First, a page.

In South Africa most people live in cities and cities have become a site of intense conflict between the impoverished and the state. The state often engages people in a manner that draws more from colonial counterinsurgency than any kind of democratic aspiration. In 2013 the municipality sent armed men out to effect electricity disconnections in the New Germany settlement in Reservoir Hills, Durban. Two people were killed and seven injured during the operation. This was a non-event in our national political life. Mayor Herman Mashaba, borrowing directly from the language that George Bush used during the invasion of Iraq in 2003, has called for “shock and awe” tactics to drive impoverished black people out of central Johannesburg.
The escalating conflict in our cities is not reducible to contestation over the allocation of urban land but there is no doubt that the urban land question is central to growing popular protest and disobedience, as well as worsening repression. That repression has long included arbitrary arrest, beatings, torture and murder by the police. It is now often supplemented by violence, sometimes fatal, organised through private security firms, armed municipal employees and criminal networks. The assassination of activists involved in land occupations, present in Durban since 2013, has spread to Cape Town.
The ANC has not only failed to address the urban question. It has also allowed itself to become enmeshed with forms of accumulation, through both the market and the state, that are at the direct expense of the interests of impoverished people. As a result, its own interests are often directly opposed to those of many of the people in whose name it claims authority. But no political party offers an emancipatory and democratic urban vision, or serious and sustained support for people struggling for urban land. The return to a critical discourse about land often continues to imagine the land question as an exclusively or largely rural question.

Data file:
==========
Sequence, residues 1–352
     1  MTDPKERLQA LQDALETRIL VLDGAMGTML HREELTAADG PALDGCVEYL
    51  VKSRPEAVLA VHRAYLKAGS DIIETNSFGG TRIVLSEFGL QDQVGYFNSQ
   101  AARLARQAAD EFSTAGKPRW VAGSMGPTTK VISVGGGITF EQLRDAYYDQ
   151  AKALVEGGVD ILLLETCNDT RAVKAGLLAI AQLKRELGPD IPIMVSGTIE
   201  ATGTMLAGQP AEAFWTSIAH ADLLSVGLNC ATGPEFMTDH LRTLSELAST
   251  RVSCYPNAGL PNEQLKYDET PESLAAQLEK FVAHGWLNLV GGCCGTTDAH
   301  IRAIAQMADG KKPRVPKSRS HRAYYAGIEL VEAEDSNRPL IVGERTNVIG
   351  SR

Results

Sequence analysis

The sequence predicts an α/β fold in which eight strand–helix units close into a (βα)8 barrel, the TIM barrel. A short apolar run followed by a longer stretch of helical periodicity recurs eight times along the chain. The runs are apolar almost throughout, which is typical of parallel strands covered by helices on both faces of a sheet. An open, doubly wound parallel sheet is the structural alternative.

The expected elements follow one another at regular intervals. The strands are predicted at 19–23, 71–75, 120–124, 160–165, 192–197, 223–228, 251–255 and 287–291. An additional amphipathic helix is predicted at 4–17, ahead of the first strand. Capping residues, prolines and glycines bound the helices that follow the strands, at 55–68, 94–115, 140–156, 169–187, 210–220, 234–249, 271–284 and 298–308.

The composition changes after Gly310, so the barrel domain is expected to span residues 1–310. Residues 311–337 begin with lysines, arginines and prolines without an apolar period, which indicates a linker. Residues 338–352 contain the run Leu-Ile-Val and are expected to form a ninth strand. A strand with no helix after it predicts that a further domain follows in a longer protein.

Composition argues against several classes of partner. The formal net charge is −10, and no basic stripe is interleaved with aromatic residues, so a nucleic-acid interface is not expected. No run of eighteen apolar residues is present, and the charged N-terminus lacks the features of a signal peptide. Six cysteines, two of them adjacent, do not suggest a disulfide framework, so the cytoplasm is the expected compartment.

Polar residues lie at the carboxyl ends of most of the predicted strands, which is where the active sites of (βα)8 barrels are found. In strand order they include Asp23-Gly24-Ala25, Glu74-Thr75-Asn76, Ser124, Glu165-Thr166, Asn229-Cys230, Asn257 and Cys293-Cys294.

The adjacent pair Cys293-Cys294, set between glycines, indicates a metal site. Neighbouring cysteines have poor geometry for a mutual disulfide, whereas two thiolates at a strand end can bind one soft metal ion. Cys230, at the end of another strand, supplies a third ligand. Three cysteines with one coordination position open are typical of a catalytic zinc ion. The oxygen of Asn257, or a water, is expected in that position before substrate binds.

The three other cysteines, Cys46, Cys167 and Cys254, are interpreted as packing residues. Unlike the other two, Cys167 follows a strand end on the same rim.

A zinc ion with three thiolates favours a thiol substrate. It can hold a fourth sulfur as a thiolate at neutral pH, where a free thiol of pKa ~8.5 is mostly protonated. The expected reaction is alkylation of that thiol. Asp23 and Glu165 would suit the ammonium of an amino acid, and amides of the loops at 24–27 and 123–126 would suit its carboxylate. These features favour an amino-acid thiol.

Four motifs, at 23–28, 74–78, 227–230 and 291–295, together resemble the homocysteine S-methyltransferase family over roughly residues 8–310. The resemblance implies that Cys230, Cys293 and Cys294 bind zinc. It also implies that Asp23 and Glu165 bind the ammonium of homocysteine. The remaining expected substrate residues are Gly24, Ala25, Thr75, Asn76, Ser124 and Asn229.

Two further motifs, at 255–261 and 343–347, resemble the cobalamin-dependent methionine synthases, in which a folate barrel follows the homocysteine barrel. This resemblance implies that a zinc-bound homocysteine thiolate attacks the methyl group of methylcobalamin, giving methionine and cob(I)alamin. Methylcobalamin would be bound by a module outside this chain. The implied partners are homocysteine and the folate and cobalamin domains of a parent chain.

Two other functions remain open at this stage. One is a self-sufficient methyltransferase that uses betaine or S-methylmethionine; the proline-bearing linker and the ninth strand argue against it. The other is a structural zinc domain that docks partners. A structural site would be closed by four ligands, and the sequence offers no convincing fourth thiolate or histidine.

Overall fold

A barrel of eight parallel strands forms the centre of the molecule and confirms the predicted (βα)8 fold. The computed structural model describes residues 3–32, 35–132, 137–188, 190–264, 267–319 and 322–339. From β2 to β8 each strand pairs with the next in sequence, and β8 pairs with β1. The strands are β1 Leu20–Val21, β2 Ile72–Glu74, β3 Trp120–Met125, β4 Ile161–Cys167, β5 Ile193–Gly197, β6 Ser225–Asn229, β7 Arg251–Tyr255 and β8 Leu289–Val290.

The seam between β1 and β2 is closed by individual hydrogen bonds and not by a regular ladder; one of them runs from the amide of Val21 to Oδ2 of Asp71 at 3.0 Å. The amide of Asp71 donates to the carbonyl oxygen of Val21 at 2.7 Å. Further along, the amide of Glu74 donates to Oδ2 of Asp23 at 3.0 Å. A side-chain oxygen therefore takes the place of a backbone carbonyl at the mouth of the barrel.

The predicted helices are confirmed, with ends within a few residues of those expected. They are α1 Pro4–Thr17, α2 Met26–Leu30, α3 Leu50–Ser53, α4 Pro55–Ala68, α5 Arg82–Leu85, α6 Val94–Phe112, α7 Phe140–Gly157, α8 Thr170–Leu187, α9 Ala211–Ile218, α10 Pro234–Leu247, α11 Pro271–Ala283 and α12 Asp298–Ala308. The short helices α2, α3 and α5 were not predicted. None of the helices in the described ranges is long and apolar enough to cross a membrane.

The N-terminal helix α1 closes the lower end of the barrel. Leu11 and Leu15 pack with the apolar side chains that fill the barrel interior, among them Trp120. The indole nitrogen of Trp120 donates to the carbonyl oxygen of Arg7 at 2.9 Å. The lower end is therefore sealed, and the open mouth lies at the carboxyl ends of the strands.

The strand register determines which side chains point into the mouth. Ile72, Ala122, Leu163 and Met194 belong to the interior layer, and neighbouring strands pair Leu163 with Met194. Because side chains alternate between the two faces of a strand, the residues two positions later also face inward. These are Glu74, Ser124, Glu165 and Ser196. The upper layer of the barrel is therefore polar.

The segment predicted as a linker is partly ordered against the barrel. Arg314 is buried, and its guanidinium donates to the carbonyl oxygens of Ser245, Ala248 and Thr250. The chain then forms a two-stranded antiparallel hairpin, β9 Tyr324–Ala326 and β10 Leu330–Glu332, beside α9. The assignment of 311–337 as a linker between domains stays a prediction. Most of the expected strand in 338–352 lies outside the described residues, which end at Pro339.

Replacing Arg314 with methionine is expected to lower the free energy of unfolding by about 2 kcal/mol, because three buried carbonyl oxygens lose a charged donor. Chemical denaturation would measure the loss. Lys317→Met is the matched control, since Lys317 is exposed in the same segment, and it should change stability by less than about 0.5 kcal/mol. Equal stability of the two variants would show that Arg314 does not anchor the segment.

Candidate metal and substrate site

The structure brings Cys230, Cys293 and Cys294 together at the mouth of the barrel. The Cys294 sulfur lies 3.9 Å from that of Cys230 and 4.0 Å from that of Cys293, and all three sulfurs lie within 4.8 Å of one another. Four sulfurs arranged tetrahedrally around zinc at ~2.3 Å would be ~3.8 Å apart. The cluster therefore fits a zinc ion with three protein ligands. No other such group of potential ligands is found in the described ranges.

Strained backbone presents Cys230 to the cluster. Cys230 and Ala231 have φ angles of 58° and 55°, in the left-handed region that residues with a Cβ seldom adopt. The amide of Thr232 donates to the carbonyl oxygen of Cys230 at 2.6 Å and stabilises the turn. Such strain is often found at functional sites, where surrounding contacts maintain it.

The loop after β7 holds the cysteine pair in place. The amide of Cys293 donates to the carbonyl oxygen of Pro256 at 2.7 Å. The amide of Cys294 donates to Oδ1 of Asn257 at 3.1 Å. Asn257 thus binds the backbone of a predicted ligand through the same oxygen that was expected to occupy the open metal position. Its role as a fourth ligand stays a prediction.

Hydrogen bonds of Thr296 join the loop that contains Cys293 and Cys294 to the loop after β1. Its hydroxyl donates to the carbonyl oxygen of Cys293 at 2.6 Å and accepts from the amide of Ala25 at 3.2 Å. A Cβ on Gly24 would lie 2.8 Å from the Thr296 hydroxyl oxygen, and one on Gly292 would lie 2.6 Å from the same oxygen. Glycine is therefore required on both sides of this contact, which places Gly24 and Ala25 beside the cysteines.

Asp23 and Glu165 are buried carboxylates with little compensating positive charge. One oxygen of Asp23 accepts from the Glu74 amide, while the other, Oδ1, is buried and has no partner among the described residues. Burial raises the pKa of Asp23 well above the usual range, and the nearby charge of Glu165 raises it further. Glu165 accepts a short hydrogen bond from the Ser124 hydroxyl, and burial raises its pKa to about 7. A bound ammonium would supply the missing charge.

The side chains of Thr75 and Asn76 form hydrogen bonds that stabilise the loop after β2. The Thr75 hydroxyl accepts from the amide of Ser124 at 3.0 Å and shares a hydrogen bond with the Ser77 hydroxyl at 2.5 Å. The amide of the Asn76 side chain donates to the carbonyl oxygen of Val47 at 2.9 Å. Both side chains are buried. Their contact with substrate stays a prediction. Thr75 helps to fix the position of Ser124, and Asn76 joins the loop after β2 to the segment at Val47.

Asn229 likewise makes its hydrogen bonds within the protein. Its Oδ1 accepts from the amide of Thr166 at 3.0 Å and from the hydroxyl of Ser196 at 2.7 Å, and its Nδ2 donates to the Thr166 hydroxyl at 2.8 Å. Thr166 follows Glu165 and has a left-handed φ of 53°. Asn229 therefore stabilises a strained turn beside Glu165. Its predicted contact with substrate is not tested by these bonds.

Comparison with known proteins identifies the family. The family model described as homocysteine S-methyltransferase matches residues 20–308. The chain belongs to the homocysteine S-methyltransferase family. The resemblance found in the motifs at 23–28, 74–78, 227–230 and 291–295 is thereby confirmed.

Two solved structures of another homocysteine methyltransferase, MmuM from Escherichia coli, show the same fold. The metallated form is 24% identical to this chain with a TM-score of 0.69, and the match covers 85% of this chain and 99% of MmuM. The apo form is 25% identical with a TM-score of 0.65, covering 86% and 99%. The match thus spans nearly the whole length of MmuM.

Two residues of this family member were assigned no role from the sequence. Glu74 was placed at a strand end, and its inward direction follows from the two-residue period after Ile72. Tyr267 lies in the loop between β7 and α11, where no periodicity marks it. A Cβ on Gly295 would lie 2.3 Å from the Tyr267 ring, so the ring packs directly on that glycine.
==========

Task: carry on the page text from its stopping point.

Many of the significant popular mobilisations in our past were fundamentally concerned with the urban question, and often, in particular, with urban land. That is true, for instance, of the Industrial and Commercial Workers’ Union in Durban in the late 1920s and early 1930s, the Sofasonke movement in Johannesburg in the 1940s and the contestation over urban land in Cape Town in the 1980s, most famously in Crossroads. Historical struggles and cultural innovation in places like District Six in Cape Town, Sophiatown in Johannesburg and Cato Manor in Durban have become iconic. But these memories of a counterurbanism are usually placed firmly in the past. People struggling to occupy or hold urban land today, sometimes in face of a real risk of death, are often treated as criminal, bit part actors in some or other imagined conspiracy or little more than a traffic issue.
It is the pervasive elitism of much of our political contestation that prevents us from taking these strivings and struggles seriously.
Richard Pithouse is a senior researcher at Rhodes University, and a visiting researcher at the Wits Institute for Social and Economic Research